I knew that I needed something different for my EDU 807 course (focusing on the broad goal of examining educational tools and technologies), and Selwyn’s book hit the mark, both in terms of topic and also because it lends itself well to jigsawing, as the middle chapters of the book take on four major issues: virtual, open, game, and social technologies. My students will choose one of those topics to dig into, creating a set of resources related to that issue. So, in preparation for that process, I will be blogging my way through my own re-reading of the book, and here are some initial thoughts on Selwyn’s approach.

From the Introduction: “Why Distrust Educational Technology?”

From the opening paragraph of the preface, Selwyn notes that he is “deliberately distrustful of the ongoing digitization of education provision and practice” and, in the next, notes the “gulf that persists between the rhetoric of how digital technologies could be used in education and the realities of how digital technologies are actually used in education” (emphasis in original, Selwyn, 20131126,  VitalBook file). Thus, from the get-go, Selwyn establishes his critical stance and deep concern about the ways in which our field typically describes and celebrates educational technology, inviting us to consider whether our expectations align with our reality. These are the kinds of questions that I appreciate most as a reader and scholar, so he had me hooked in these opening lines.

Before the end of the preface, he also describes the use of educational technologies as “a profoundly political affair — a site of constant conflict and struggle between different interests groups.” As someone deeply involved with and concerned about teacher education and professional development, these politics are ones that I find don’t get discussed enough. Though I am a strong advocate for resources that are inexpensive or, using the scare quotes intentionally, “free,” even before I got to Selwyn’s chapter on open source materials I began to think again about how I describe and use technologies in workshops and courses. Yes, I know that I have referred to some of them as “free,” and — if we’ve learned anything from the Facebook situation in the past two years — we know that nothing is ever without cost. Making these political aspects of ed tech use even more a part of my on-going dialogue with teachers and the doctoral students with whom I work is a distinct goal for reading Selwyn’s work.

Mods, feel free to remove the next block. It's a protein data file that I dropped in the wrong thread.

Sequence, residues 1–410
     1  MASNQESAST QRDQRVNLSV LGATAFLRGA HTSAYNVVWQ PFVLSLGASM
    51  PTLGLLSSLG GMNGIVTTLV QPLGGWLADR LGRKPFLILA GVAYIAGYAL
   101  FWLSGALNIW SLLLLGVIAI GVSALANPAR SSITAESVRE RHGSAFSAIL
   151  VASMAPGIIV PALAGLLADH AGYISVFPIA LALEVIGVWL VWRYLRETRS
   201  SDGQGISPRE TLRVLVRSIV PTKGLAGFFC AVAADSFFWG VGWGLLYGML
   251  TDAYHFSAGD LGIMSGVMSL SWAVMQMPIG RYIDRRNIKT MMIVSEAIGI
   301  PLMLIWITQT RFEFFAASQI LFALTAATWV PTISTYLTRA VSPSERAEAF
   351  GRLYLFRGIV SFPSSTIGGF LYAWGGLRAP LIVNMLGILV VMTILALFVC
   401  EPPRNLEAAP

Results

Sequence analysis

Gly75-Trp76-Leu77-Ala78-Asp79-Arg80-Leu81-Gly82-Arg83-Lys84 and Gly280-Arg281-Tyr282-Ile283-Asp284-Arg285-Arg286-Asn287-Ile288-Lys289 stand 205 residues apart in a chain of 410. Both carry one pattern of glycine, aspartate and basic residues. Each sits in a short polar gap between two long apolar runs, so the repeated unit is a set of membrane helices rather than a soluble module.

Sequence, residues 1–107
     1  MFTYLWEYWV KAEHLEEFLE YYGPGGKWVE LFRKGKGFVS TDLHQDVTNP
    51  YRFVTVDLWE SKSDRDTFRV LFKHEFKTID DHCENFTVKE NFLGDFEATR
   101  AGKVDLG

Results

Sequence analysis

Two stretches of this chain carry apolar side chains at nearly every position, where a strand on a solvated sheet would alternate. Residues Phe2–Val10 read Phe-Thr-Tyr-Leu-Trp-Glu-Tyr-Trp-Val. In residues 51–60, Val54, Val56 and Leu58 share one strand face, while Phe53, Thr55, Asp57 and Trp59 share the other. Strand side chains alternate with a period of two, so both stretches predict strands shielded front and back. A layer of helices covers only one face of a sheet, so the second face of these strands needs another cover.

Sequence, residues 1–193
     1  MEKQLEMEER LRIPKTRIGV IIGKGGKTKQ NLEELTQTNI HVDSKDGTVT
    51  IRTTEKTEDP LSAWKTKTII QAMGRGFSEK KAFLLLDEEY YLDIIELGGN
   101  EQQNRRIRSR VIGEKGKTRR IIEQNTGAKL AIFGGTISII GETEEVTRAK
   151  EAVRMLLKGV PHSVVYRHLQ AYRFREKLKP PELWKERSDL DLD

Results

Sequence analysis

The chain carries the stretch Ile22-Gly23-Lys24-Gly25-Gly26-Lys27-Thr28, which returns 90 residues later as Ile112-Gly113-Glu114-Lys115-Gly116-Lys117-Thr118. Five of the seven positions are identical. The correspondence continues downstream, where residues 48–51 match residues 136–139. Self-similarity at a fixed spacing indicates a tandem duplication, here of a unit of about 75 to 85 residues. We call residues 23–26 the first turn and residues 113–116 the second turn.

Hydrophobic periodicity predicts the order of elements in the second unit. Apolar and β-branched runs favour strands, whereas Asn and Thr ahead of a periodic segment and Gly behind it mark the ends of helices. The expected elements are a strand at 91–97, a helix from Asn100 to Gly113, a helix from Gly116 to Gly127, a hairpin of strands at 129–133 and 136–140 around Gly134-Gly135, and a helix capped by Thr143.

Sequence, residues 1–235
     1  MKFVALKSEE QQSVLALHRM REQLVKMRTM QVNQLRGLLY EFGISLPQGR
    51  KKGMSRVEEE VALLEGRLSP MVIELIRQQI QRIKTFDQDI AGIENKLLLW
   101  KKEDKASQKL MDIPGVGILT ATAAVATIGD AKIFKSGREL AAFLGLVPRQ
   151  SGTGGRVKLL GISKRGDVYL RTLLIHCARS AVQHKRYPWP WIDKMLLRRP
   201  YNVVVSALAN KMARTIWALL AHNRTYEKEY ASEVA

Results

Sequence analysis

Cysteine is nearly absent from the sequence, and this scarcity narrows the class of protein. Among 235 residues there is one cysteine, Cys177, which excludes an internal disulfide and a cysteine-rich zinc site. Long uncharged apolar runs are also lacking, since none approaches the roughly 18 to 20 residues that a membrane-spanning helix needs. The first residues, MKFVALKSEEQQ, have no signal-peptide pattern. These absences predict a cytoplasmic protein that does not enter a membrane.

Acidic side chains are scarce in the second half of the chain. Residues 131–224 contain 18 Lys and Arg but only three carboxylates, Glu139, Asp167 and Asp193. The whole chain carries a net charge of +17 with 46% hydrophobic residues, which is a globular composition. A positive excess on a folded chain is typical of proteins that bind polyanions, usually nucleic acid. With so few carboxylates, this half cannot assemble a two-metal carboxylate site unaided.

As a final note from the Preface, I was compelled by Selwyn’s idea that “educational technology is not value-free but value-laden, and therefore something that can be trusted and distrusted, agreed and disagreed with. Second is the belief that the nature and form of educational technology are not predetermined and inevitable but negotiable” (emphasis in original, Selwyn, 20131126,  VitalBook file). The sad fact is that many educational technologies that exist are set out to solve specific problems (learning facts) with a pedagogical frame (usually a behaviorist or cognitivist one). While this is good to take the perspective that ed tech is mutable, I’m not so sure that this is the case with all ed tech. Yes, we could have teachers and students repurpose skill-and-drill software in creative ways, but that is different than starting with a tool designed specifically for creation rather than consumption.